The newly devil-powered Shiro travels the countryside building a dream team of resurrected men and women who agree to accept new life from him (a perverse Anti-Christ figure) in order to pursue the goals that had been denied to them in life. This is an odd group, ranging from tragic characters (Lady Hosakawa’s horrible, unfaithful husband has her killed and young farmer Kirimaru dies during a raid on his village), amoral ones (Musashi Miyamoto dies unsure of his status as finest sword fighter in the land), and… well… then there’s Inshun, a monk who was unable to realize his dreams of raping and murdering lots of women and agrees to be resurrected only after he’s promised a glorious afterlife brimming with sexual assault. While each of the five undead tried, during life, to achieve a level of goodness, all inhibitions are out the window when they’re given a new lease on earthly existence. I’m no Bible scholar, but I feel like this story might be criticizing these people’s failure to “turn the other cheek” in accordance with the Christian faith.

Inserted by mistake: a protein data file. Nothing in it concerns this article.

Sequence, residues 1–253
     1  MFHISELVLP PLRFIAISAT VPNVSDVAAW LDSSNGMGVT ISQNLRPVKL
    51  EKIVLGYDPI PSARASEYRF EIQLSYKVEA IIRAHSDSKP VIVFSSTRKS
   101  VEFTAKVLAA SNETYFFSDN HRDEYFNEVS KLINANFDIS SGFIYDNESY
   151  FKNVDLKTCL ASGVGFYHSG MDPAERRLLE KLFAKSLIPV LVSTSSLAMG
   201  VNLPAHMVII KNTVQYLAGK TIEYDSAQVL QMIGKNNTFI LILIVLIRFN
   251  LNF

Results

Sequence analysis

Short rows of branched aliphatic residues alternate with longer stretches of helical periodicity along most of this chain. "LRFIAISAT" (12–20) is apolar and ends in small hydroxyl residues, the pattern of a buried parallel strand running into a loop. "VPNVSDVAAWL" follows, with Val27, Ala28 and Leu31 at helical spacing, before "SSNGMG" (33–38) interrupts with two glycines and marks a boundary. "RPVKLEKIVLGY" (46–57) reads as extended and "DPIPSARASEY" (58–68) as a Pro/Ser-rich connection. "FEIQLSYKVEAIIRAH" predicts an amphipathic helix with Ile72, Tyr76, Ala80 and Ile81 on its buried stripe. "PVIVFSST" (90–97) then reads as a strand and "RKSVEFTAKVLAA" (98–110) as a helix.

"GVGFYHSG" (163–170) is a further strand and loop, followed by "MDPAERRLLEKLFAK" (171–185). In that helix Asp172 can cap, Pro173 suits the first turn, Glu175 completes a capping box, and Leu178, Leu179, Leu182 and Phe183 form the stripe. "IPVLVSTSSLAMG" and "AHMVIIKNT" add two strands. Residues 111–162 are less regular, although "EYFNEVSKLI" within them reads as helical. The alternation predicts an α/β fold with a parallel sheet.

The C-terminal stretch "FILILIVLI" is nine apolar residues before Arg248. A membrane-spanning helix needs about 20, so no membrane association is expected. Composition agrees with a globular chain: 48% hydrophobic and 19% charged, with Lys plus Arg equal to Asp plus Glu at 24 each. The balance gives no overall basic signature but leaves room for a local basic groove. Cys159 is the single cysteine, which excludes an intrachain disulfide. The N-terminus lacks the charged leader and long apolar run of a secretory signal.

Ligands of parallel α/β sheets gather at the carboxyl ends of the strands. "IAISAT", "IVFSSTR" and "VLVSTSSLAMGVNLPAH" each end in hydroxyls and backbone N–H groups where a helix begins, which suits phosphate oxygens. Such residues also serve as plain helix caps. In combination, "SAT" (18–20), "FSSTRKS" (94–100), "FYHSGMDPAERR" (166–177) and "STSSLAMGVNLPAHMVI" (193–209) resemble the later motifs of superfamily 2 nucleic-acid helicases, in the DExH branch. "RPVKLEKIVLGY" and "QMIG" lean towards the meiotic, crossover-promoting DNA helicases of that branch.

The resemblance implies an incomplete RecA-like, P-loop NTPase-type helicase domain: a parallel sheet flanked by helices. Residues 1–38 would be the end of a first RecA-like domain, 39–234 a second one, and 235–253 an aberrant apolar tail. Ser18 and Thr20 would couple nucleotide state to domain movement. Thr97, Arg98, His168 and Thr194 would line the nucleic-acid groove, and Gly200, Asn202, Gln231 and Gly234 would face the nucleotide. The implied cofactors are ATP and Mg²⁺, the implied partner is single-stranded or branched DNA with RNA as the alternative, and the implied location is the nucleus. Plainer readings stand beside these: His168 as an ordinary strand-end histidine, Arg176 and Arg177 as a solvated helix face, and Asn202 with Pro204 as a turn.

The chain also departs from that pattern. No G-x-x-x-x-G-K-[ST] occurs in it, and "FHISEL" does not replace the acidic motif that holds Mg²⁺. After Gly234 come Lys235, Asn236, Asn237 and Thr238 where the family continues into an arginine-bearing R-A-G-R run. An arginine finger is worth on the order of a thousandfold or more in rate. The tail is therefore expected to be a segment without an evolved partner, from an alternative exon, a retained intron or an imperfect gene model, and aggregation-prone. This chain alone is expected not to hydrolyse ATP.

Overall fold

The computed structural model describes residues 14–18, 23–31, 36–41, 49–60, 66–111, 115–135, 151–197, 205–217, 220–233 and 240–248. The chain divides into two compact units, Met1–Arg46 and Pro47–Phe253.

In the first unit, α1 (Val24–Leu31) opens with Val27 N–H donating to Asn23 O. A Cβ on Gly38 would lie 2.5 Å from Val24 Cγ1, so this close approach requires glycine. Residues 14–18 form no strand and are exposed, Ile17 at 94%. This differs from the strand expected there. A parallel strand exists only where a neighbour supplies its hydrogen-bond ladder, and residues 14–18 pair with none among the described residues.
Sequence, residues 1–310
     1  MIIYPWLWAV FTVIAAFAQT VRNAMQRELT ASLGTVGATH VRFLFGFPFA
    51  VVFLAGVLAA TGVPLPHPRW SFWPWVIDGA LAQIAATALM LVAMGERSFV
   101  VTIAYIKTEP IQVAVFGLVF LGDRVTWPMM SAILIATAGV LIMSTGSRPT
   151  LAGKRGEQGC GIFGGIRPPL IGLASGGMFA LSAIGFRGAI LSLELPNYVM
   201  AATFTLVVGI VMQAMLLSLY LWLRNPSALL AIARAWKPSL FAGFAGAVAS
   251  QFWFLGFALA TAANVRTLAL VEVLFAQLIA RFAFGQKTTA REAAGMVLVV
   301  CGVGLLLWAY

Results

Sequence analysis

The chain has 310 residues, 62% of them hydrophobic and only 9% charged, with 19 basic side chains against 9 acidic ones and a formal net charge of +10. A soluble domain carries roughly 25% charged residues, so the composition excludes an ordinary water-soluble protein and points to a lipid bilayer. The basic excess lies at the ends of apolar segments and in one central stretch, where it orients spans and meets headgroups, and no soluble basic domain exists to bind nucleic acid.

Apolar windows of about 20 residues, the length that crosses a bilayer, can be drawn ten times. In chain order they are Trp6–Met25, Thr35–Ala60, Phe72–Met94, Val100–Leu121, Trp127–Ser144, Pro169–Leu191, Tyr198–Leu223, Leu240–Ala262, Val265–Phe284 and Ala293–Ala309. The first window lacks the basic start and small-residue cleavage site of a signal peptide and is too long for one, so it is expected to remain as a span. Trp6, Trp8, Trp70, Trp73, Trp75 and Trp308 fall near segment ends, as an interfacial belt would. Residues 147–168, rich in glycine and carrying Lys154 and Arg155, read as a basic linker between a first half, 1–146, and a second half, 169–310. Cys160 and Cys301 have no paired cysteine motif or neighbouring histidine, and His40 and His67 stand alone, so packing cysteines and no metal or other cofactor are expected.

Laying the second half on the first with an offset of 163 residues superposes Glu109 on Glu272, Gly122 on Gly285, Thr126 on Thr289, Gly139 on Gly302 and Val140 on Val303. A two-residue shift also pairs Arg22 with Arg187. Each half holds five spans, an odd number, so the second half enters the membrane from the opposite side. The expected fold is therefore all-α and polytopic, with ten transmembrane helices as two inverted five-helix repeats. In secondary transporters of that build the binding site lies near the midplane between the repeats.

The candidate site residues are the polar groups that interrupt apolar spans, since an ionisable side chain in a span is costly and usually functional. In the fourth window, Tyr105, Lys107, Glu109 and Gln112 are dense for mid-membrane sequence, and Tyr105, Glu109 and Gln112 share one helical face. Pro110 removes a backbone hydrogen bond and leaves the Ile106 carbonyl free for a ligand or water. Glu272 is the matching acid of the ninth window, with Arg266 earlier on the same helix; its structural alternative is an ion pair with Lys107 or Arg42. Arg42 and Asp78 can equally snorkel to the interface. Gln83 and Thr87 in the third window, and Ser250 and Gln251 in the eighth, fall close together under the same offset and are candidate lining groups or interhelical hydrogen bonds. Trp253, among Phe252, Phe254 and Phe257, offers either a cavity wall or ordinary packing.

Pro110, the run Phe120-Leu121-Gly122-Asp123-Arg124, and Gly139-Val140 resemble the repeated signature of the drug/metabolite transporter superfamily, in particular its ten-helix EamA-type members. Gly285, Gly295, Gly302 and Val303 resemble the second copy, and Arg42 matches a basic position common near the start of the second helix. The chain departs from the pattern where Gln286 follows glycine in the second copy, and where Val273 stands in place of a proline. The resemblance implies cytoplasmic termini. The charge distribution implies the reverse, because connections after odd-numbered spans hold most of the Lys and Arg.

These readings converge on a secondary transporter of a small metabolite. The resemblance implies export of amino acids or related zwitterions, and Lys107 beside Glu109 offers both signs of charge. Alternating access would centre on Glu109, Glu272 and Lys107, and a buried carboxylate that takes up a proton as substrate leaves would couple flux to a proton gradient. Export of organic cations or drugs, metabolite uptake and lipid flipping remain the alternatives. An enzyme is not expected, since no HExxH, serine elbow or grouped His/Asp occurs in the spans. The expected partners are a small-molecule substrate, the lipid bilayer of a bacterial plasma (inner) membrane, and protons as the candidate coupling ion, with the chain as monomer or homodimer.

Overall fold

Meanwhile, the shogun and his men are busy exploiting the peasantry, raising taxes and imposing harsh punishments in spite of crop failure and general destitution. The shogun maintains a deliberate distance from the needs of his people and turns his attentions instead to getting it on with his mysterious new concubine, the previously pious Hosakawa in the guise of a courtesan. All is not just sexy job abandonment, however, and when demon-possessed Hosakawa accompanies the shogun on a hunting trip, she hypnotizes him into firing arrows into his own subjects and displaying their crucified bodies on a hilltop.